What’s happening with home prices?
It turns out my high school economics teacher was correct. Sale prices will track directly in relation to the relationship between supply and demand.
Whether it’s Air Jordans, Taylor Swift tickets or a vintage Ferrari, if something is in limited supply with a line-up of people looking to buy them, then the prices will go up. Look no further than the Niagara real estate market in early 2022 for a prime example of that.
On the opposite side of the coin, there aren’t exactly legions of people on the horizon looking to buy my used Chuck Taylors.
Turn the channel to the Niagara real estate market and you’ll see more examples.
Number of New Listings in 2023
While the actual number of new listings have been increasing month to month, there are two things to know.
- They should be. From January to April, a decline in new listings from one month to the next is rare.
- They’re actually decreasing in comparison to the monthly norms (10-year average).
Number of Sales in 2023
Similar to new listings, the number of sales have been increasing on a month to month basis however with one big difference when compared to new inventory.
January 2023 was a terrible month for sales in Niagara. With only 328 homes sold, that was 23% below the 10-year average and the worst on record in the last decade.
The good news is that while February, March and April were all below average, they have been improving.
This graph shows it well. The green line represents the 10-year average. The grey line is the number of new listings while the pink line is the number of sales.
10% above the green line = 10% above average
20% below the green line = 20% below average
Going back to the Air Jordans and Chuck Taylor scenario, the Niagara Region has two things happening.
New listing inventory is declining on a monthly basis in relation to the 10-year averages.
The number of homes sold increased into February and then has been in a holding pattern over the last 90 days.
Prices have been easing up about 3 – 4% per month from $637,000 in January to $727,000 here on April 24th.
St.Catharines has the dubious distinction of being in the negative for both new listings and sales so far in 2023.
This graph shows new listings and sales in relation to the 10-year average. While new listings have slowed their pace (from 8% below average in January to 25% below average in April), the number of sales has improved from a dreadful 45% below average in January to a much-improved 13% below average in April.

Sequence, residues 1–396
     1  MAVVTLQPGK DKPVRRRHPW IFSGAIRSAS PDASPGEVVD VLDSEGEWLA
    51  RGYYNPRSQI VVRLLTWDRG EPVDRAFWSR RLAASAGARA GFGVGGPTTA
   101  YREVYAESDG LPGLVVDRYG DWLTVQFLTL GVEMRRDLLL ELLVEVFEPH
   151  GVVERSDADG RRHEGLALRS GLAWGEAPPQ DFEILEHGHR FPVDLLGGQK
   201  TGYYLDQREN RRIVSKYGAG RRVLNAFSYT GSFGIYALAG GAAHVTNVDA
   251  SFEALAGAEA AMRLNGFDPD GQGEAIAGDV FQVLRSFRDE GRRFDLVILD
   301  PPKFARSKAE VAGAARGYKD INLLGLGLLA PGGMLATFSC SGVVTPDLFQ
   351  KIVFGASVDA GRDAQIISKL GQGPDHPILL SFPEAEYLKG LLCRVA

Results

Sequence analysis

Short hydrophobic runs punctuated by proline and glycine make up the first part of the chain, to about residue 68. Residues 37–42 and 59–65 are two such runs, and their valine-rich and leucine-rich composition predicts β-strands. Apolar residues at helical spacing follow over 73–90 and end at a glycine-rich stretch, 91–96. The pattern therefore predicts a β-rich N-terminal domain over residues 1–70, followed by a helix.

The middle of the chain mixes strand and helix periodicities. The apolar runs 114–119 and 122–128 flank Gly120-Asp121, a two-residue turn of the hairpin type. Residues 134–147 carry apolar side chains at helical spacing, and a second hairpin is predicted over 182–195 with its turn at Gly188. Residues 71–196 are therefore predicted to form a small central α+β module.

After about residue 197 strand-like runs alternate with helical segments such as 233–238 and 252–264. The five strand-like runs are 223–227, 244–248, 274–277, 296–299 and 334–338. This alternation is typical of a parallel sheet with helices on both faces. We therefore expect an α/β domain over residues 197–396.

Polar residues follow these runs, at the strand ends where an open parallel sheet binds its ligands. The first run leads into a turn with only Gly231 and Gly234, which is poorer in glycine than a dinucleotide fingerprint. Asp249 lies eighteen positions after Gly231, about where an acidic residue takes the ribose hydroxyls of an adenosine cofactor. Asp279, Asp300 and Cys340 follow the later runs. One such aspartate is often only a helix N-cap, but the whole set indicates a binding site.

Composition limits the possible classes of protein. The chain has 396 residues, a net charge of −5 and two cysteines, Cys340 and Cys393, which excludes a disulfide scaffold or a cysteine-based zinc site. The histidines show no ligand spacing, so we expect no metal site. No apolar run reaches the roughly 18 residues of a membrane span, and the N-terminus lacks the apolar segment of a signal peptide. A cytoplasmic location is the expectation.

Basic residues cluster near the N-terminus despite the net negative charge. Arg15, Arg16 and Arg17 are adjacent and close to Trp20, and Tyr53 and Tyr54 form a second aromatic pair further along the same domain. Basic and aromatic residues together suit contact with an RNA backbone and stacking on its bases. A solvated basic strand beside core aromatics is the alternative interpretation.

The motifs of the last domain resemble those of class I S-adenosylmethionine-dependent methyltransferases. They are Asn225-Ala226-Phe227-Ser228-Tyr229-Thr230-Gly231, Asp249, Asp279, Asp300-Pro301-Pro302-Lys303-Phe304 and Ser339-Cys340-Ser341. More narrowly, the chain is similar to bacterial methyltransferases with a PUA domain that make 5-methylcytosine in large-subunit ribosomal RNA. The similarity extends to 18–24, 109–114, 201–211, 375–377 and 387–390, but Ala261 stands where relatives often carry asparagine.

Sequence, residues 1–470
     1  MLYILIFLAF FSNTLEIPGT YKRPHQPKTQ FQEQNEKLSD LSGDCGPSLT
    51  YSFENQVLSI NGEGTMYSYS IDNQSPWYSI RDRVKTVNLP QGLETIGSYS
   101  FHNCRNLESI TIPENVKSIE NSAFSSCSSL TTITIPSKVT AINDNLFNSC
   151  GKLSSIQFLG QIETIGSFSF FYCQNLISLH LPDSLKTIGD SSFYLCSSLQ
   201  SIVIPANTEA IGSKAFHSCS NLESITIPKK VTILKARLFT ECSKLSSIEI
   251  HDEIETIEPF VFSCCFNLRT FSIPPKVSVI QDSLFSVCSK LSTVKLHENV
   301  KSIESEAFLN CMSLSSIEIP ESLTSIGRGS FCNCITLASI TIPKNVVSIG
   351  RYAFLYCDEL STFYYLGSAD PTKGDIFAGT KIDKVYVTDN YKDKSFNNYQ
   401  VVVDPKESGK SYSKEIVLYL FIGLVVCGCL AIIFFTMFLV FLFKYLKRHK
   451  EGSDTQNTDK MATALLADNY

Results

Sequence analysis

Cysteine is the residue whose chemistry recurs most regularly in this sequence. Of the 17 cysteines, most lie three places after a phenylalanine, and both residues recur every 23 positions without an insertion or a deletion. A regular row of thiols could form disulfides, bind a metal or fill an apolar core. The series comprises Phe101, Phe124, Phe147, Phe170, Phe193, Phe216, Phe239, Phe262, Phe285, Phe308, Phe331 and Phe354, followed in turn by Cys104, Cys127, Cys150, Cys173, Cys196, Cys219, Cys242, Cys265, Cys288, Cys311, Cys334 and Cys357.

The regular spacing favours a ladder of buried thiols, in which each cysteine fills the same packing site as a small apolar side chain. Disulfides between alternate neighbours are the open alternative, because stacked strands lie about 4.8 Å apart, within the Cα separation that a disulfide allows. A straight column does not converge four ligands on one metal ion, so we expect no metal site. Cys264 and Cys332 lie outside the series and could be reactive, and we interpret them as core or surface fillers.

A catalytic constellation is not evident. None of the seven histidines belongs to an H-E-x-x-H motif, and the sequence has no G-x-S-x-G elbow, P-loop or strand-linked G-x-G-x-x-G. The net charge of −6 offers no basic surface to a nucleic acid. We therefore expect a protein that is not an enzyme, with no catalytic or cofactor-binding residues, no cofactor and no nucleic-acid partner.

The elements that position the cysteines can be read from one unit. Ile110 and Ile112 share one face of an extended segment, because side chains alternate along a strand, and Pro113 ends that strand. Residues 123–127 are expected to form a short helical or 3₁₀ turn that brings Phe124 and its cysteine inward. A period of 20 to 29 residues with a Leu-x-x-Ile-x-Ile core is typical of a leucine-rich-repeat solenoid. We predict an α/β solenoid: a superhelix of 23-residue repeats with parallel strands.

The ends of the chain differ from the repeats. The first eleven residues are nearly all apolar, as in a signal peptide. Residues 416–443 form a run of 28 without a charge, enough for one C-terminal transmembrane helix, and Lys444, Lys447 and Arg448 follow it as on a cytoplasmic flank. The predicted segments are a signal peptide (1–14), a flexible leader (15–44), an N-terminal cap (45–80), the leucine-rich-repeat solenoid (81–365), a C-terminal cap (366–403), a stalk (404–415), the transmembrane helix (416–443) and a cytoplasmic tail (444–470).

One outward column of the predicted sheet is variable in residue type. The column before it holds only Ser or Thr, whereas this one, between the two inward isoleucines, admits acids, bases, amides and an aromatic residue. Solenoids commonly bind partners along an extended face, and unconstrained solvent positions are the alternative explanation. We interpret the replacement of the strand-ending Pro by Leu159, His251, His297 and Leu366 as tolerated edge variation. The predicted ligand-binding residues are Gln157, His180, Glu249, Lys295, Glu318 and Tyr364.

Have a look:
Notice the declining pace of inventory (grey line) being surpassed by the increasing pace of sales (pink line).
You guessed it. The average sale price n St.Catharines has climbed back up from $591,000 in January to the $660,000 range here in April (as of April 24th). That is where the market was back in June 2022.
With so much of the demand in Niagara Falls being investor driven, volatility is not a unique market condition here. It is fair to say that demand has been more Chuck Taylors level as opposed to Air Jordans.
Have a look here. While new listing inventory has been dragging the last 90 days, sales have been increasingly underwhelming.
After monthly average sale price increases in Q1, April has taken a step back from March which shouldn't be overly surprising given that sales were off 31% in March with April being on pace to be off by 34%.
Sale Price Trends
This simple graph shows the monthly average sale prices for January through April for the Niagara Region, St.Catharines, Niagara Falls and Welland.
What happens next?
It will all depend on the supply of listings and the number of people who want to buy them. Given that April is typically the most important month of the spring market, we may be looking at a lukewarm summer in terms of overall market activity. That doesn't mean declining prices though. Even if demand runs in negative territory, if the supply of listings runs at a similar pace, prices will sustain themselves or as we have seen, continue to edge up.
A final thought.
The market is very inconsistent. From one area to another or from one type of home to another, there are varying levels of demand. As a result, this report (or any other) shouldn't be used as a definitive look at your home. If you'd like a report specific to your home or an investment property, please do not hesitate to contact us. We're here and happy to chat.
Thank-you for reading. :)